|Lost Dutchman (Rec)||$4,190,586||46|
|Picacho Peak (Rec)||$2,453,130||26|
|Pinal County Total||$10,119,261||101|
|Patagonia Lake (Rec)||$8,974,106||128|
|Tubac Presidio (His)||$256,377||4|
|Santa Cruz County Total||$9,230,483||132|
|Dead Horse Ranch (Rec)||$10,135,704||143|
|Fort Verde (His)||$2,420,337||33|
|Red Rock (Con)||$17,005,170||225|
|Yavapai County Total||$36,567,452||494|
|Yuma Territorial Prison (His)||$5,815,585||84|
|Yuma Quartermaster Depot (His)||$1,826,521||26|
|Yuma County Total||$7,642,106||110|
Note: Abbreviations in parentheses refer to Park Type:
Rec = Recreation Park; His = Historic Park; Con = Conservation Park.
For a full explanation of the methodology used to calculate the data in this table, please download the full Economic Impact Report.
Established in March 2009 by Governor Jan Brewer, the Task Force on Sustainable State Parks Funding was directed to investigate how to make the parks system financially sustainable. The Task Force issued their final report on October 30, 2009. Their final report includes background information and recommendations.
The final report also includes references to the Morrison Institute for Public Policy at Arizona State University's study “The Price of Stewardship: The Future of Arizona's State Parks.” Download that report at the Morrison Institute website.
State Parks Task Force Final Report ( 1.2 MB PDF) Final Report, 18 pages.
|% of In-State Visitors
|% of Out-of-State Visitors
|Dead Horse Ranch||133,822||60||40|
|Fool Hollow Lake||110,741||84||16|
|Tonto Natural Bridge||87,930||68||32|
|Yuma Quartermaster Depot||11,676||20||80|
|Yuma Territorial Prison||67,851||36||64|
The percentages are the reported in-state and out-of-state visitor percentages from the FY07 Arizona State Parks Visitor Survey. Out-of-State Visitors include international visitors.
Estimate of In-State vs. Out-of-State Visitors ( 41 KB PDF)
Grants Section FY 2012 Annual Report ( 64 KB PDF)
Grants Section FY 2009 Annual Report ( 153 KB PDF)
Grants Section FY 2008 Annual Report ( 247 KB PDF)
Grants Section FY 2007 Annual Report ( 252 KB PDF)
The Grants Section of Arizona State Parks is responsible for managing eight grant programs administered by the Arizona State Parks Board. More than $32 million is available annually to Arizona communities, resource managers and agencies to preserve and enhance Arizona’s significant natural open space, cultural and recreational resources. Learn more Grant Programs
This is the Final Version of this document.
Arizona State Parks staff in collaboration with Arizona State University conducted a series of telephone and online surveys that reached more than 7,500 Arizonans to find out about which types of motorized or non-motorized trails they use, how often they use trails, trails preferences and how land managers should improve trail experiences through their time, money and efforts.
After analyzing the results of this year-long public involvement effort, Arizona State Parks staff drafted a trails plan that provides information about trail users, their preferences, opinions, important issues facing recreational trails and off-highway vehicle routes in Arizona. The plan also offers a list of recommendations and priority actions that both trail users and land managers can implement in order to protect and improve Arizona's thousands of miles of motorized and non-motorized trails.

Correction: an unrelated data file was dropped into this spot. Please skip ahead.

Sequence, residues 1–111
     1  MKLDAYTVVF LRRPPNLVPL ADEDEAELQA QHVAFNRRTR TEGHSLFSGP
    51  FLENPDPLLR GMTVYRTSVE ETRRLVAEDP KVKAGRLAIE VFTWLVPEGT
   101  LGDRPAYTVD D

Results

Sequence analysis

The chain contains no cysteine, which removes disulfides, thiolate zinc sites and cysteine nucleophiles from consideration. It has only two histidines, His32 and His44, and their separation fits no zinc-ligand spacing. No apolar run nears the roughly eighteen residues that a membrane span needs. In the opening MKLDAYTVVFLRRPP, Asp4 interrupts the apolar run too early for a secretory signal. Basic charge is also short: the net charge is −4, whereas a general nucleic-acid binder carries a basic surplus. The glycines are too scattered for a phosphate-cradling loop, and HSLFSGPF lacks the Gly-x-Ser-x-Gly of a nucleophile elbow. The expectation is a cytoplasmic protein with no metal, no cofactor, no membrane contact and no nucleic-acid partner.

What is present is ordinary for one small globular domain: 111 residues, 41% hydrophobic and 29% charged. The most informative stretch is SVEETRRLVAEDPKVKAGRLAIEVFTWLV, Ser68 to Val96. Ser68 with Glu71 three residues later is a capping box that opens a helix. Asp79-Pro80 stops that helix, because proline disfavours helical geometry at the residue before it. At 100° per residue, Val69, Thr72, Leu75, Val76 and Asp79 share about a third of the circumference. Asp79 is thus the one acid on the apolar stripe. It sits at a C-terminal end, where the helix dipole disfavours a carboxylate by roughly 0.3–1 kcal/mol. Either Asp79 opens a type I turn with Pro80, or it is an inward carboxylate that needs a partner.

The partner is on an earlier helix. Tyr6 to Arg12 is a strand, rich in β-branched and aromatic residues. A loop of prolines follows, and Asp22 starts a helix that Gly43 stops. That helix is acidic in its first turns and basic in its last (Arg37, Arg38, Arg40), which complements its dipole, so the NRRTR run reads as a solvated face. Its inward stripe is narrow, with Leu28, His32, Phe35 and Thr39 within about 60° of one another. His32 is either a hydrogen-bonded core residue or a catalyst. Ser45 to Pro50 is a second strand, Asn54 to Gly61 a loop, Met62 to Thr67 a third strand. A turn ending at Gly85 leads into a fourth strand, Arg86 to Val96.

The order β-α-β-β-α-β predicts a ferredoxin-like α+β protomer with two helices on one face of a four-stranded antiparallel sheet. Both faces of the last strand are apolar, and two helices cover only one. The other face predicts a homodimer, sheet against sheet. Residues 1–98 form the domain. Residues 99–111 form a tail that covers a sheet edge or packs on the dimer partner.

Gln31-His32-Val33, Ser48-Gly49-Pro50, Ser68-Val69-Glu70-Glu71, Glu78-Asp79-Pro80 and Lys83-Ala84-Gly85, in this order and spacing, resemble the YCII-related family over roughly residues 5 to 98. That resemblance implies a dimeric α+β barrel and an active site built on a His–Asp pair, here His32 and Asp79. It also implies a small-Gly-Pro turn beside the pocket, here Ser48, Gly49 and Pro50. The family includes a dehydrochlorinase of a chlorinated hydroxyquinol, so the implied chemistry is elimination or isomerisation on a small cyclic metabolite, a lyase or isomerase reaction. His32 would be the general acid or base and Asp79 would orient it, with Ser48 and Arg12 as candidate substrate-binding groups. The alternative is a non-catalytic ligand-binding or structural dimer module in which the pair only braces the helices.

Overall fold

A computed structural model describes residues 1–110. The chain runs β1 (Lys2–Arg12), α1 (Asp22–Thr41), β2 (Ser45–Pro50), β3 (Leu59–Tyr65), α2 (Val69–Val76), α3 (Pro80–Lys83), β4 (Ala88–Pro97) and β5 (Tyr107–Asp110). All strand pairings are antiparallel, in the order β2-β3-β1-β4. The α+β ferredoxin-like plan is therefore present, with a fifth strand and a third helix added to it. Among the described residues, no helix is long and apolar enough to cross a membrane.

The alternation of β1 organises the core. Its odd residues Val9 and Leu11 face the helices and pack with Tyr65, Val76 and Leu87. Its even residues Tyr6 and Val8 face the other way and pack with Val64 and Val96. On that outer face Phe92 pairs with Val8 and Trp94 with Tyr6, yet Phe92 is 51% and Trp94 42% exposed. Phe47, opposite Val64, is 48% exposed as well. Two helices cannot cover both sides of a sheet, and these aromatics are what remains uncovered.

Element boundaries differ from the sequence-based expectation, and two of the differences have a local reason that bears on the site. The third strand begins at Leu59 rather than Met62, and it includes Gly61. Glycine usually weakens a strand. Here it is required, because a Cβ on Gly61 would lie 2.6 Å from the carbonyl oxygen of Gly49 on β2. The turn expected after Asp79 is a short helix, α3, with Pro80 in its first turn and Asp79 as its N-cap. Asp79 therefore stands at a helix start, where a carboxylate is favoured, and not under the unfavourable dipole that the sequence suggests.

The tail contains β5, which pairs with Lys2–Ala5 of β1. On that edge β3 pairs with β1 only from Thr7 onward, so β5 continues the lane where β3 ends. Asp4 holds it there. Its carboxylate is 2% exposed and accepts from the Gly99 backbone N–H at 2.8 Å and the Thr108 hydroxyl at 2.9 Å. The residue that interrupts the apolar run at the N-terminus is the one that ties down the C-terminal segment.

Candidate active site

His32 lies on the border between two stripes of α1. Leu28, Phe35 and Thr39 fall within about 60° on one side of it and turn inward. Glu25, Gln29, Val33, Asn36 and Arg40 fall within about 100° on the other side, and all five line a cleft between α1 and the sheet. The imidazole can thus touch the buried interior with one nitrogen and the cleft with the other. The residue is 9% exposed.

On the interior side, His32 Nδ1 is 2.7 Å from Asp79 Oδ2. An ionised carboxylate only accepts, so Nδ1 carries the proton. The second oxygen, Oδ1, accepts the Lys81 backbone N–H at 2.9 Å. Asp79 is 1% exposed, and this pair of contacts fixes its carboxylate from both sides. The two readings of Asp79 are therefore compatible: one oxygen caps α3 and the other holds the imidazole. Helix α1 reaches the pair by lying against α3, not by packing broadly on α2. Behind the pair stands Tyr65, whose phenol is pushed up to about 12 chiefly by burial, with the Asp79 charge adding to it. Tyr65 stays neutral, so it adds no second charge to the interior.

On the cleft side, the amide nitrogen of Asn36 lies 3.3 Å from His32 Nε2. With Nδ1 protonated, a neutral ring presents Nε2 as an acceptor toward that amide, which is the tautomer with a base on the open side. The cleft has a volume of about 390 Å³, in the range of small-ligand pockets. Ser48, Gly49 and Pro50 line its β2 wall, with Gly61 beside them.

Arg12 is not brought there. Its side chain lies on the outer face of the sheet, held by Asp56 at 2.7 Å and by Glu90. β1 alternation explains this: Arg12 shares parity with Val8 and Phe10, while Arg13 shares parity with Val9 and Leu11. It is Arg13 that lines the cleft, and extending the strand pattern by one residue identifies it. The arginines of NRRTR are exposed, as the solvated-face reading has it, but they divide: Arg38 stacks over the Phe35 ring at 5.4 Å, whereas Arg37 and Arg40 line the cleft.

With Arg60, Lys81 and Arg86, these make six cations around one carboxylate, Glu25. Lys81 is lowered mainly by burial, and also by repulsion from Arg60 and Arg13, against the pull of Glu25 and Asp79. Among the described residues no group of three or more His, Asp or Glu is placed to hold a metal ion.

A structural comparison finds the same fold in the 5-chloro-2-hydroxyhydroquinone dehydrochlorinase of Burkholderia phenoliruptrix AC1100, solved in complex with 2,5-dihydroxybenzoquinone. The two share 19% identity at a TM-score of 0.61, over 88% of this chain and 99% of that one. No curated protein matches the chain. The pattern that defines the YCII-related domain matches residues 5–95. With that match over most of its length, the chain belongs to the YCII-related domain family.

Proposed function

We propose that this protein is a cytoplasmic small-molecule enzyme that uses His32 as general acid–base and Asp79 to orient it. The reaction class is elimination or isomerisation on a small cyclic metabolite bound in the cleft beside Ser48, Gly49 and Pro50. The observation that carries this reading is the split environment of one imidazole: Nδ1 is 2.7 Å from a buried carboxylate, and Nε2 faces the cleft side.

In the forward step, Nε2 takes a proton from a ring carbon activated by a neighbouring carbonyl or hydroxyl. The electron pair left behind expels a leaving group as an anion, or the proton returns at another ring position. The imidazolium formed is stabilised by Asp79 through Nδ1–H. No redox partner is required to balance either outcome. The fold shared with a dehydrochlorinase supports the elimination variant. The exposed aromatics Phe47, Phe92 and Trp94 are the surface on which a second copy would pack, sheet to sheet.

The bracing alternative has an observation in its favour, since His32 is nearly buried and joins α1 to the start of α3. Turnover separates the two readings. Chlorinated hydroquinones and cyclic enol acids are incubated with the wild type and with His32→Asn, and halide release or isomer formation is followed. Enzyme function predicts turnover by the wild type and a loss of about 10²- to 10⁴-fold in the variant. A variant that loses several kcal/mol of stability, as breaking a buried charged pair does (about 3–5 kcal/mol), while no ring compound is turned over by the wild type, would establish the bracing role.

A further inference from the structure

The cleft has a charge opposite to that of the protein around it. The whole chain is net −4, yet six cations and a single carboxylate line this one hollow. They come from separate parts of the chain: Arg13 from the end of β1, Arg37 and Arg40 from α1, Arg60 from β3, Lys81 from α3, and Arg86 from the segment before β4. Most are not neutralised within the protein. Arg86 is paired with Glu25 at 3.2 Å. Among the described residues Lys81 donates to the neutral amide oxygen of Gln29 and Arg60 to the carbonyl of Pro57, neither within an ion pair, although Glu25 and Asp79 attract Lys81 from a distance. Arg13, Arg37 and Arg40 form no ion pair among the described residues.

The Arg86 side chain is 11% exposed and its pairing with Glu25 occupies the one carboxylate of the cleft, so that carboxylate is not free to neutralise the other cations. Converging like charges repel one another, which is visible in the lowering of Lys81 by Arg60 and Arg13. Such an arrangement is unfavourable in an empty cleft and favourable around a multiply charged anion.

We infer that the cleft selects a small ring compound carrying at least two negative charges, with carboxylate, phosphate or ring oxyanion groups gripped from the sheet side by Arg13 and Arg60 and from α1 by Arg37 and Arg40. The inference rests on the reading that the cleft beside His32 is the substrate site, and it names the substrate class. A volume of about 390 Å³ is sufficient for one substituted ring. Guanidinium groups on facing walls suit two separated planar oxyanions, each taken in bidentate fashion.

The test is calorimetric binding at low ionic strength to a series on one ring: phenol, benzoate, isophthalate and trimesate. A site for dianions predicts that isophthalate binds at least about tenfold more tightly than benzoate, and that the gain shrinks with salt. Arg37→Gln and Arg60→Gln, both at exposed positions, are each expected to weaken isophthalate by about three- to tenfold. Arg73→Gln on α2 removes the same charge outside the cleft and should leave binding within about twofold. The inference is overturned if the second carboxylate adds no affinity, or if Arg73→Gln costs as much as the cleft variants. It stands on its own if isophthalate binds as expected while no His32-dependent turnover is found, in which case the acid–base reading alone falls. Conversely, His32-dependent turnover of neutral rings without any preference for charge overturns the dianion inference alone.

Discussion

The most common non-motorized pursuits are trail hiking, backpacking, mountain biking and horseback riding. The most common motorized pursuits are quad or all-terrain vehicle driving, four-wheel driving and motorized trail biking/dirt biking. Some of the top trail issues for motorized and non-motorized users were litter and trash dumping, closure of trails and keeping trails in good condition. The priority recommendations listed in the plan will be used to develop grant rating criteria and distribute monies from the Off-Highway Vehicle Recreation Fund and the federal Recreational Trails Program.
Arizona Trails 2015 Plan ( 2.9 MB PDF)
2012 Arizona Watercraft Survey Executive Summary ( 415 KB PDF) To be posted soon.
2012 Arizona Watercraft Survey ( 847 KB PDF) 127 pages.
Prepared by: Behavior Research Center, Inc. May 2012 Prepared for: Arizona Department of Transportation, Arizona Game & Fish Department, Arizona State Parks
The Arizona Department of Transportation (ADOT), the Arizona Game & Fish Department (AGFD) and the Arizona State Parks Board (ASPB) are required, under Arizona Revised Statutes (Sec. 28-5926), to conduct a study every three years on watercraft fuel consumption and recreational watercraft usage. The primary purposes of this effort are as follows:
The fuel consumption data is collected to determine the allocation of motor vehicle fuel tax to the State Lake Improvement Fund (SLIF). The information on recreational watercraft usage patterns on Arizona’s lakes and rivers is necessary, in part, to determine the distribution of SLIF funds to applicants.
SHPO FY 2013-14 Report on State Agency Compliance ( 452 KB PDF)
SHPO FY 2012-13 Report on State Agency Compliance ( 431 KB PDF)
SHPO FY 2011-12 Report on State Agency Compliance ( 456 KB PDF)
SHPO FY 2010-11 Report on State Agency Compliance ( 400 KB PDF)
SHPO FY 2009-10 Report on State Agency Compliance ( 3 MB PDF)
SHPO FY 2008-09 Report on State Agency Compliance ( 2.1 MB PDF)
Arizona State Statutes §41-861 through §41-864 direct state agencies to: preserve historic properties under their ownership or control; consider the use of historic properties for agency responsibilities; establish a program to locate, inventory, and nominate properties to the Arizona Register of Historic Places; insure that properties are not destroyed or substantially altered by state action or assistance; make appropriate documentation in accordance with State Historic Preservation Office (SHPO) standards if a property is destroyed or altered; and seek review and comment from the SHPO on agency plans. This report provides a summary of the performance of state agencies in compliance with these state statutes. The information provided was compiled from SHPO records and an agency self-evaluation questionnaire. Learn more SHPO